Tuesday, December 12, 2017

The Candidate's Wife: We go to a class reunion in Houston and discover other classmates running for office

The pathetically small crowd at the Rice football game. At least when the Southwest Conference existed, we could fill the stadium, even if it was with UT or A&M people. It was a lot more fun.

We love going to Houston.

Wait. We love going to our class reunions. Houston? It's gotten a little bit crazy. But still - it was warm and sunny and beautiful. I texted a photo of the quad, with green grass and sun, to my boss and he texted me a photo of the parking lot at work covered in snow.

I miss Texas. I miss it so much. It's not cold there!

But we couldn't get away from politics.

My friend Ruthie ran a campaign for a school district candidate and won against an incumbent. She had great campaigning advice.

Our friend Robin introduced us to a friend of hers who is running for Congress in north Texas. I asked Jana Lynne how she was raising money.

"I spend seven hours a day on calls," she said. "But only five on Fridays."

Let me translate that for you in case you don't speak the political lingo.

She spends seven hours a day calling people to ask them for money.

This is the part of running for office - of politics - that everyone hates.

This is why rich people run our country. They have their own money to spend and they know rich people who want influence.

If you are an ordinary person running for office, you don't know the rich people and if you are Primo, you want to be the person who represents all the people, not just the rich ones, so you don't want to be beholden to anyone.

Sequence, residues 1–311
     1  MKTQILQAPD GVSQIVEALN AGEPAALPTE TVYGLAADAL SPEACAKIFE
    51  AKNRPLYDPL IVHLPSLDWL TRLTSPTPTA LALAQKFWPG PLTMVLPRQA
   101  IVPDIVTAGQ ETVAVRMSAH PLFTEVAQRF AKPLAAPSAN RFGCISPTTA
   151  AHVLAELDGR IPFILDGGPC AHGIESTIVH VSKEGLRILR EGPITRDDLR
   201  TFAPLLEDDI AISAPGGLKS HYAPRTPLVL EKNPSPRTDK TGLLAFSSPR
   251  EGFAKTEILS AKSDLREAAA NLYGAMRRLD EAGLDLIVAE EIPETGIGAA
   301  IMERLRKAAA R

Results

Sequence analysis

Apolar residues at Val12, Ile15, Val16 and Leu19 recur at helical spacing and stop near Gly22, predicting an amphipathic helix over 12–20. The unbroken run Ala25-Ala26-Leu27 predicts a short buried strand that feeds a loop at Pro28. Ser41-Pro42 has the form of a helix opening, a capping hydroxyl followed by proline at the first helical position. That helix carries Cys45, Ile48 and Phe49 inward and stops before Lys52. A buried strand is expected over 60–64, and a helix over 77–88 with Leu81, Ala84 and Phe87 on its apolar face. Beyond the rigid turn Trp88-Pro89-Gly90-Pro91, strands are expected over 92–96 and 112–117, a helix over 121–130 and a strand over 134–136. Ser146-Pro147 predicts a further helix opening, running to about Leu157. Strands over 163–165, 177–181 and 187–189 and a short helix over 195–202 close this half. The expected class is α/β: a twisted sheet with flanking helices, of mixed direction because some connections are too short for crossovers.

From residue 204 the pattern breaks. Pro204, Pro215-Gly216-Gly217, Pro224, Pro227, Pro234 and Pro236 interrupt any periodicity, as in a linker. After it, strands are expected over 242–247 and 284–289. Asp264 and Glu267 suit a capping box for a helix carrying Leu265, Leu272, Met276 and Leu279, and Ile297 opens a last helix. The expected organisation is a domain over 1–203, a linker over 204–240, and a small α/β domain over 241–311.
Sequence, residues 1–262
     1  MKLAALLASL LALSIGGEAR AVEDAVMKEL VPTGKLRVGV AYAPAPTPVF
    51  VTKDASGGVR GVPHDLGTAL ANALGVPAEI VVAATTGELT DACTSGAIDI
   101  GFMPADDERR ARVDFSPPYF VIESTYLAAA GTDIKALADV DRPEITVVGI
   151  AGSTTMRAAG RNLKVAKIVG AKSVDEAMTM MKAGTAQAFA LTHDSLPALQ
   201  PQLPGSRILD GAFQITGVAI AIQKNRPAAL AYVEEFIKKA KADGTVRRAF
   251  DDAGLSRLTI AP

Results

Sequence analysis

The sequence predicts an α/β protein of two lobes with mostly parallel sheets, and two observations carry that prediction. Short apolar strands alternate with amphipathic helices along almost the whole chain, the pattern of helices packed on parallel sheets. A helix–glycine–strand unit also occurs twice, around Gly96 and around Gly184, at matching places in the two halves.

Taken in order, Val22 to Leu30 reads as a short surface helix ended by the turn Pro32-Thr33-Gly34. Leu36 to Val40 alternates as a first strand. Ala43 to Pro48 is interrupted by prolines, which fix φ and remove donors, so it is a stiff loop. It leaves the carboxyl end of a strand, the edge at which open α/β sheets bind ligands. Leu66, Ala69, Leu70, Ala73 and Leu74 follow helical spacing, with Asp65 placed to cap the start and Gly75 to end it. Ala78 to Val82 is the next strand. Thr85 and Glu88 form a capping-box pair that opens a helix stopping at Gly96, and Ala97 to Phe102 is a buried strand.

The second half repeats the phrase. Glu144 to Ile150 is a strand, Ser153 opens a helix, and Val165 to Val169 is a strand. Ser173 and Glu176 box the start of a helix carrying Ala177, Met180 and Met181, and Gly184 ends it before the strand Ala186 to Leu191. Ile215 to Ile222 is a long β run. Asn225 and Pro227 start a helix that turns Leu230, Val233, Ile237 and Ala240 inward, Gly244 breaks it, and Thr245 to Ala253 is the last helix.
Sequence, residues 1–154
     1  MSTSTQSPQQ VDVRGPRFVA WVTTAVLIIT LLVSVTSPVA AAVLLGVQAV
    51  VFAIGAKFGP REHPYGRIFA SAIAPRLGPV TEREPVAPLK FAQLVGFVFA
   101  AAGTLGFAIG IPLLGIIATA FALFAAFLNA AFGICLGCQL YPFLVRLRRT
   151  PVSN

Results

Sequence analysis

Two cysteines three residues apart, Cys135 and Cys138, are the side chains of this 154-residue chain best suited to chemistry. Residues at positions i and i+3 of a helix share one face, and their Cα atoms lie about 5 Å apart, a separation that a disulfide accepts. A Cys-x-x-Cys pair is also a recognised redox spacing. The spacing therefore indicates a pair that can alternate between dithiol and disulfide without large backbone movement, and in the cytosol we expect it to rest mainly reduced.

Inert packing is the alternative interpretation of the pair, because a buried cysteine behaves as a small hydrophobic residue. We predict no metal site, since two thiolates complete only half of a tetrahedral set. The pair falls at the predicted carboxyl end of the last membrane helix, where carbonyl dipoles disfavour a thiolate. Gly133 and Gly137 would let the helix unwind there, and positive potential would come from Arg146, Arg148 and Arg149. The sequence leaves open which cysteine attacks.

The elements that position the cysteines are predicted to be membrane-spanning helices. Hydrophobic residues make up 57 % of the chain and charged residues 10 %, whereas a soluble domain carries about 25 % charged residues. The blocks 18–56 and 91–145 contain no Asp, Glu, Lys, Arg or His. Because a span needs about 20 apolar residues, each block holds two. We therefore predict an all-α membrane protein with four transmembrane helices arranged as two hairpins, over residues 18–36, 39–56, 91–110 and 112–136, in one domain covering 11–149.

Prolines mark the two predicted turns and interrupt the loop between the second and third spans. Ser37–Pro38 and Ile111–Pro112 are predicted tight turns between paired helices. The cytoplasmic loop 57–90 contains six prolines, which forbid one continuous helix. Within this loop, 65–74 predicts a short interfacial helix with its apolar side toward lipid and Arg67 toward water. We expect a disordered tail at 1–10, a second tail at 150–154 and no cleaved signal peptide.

All the People? They don't have money to give to politicians. Every dollar is precious and hard earned. That's why

1. It's so hard to ask people to give their money away

2. We are so, so grateful to everyone who makes any contribution to Primo's campaign. We know that every dollar someone gives to him is a dollar they can't spend on eating out or on something fun. (I hope nobody would give to a campaign rather than pay the electric bill!)


  1. You didn't miss anything not being here for Harvey. Trust me.

    (Well, except seeing people come together to help, which was really nice. We were not affected and didn't see it firsthand, but we still appreciate it on behalf of our fellow Houstonians.)

    1. It was awful! I felt so helpless watching my friends go through it, posting their photos of the water rising inside their homes.

  2. On that topic, I just read this article this morning. https://www.city-journal.org/html/doing-houston-wrong-15604.html

  3. I am just agog that campaign spending can literally buy votes, it shouldn't matter how much money a campaign has; even though I know it makes a practical difference, it's like you told me and showed me that snow is hot. I may accept the evidence, but it makes no sense to me. I don't care what ads I've seen (I usually don't watch them anyway, I've been using DVRs since the turn of the millenium). I go by the local reporting, which is very good here in the DC area, for obvious reasons.

    1. Yeah, we don't have enough money to buy votes! I am hoping for enough to print campaign literature to be hand-delivered while Primo (and, I hope, volunteers) do doors. Even a small print run can be a thousand dollars.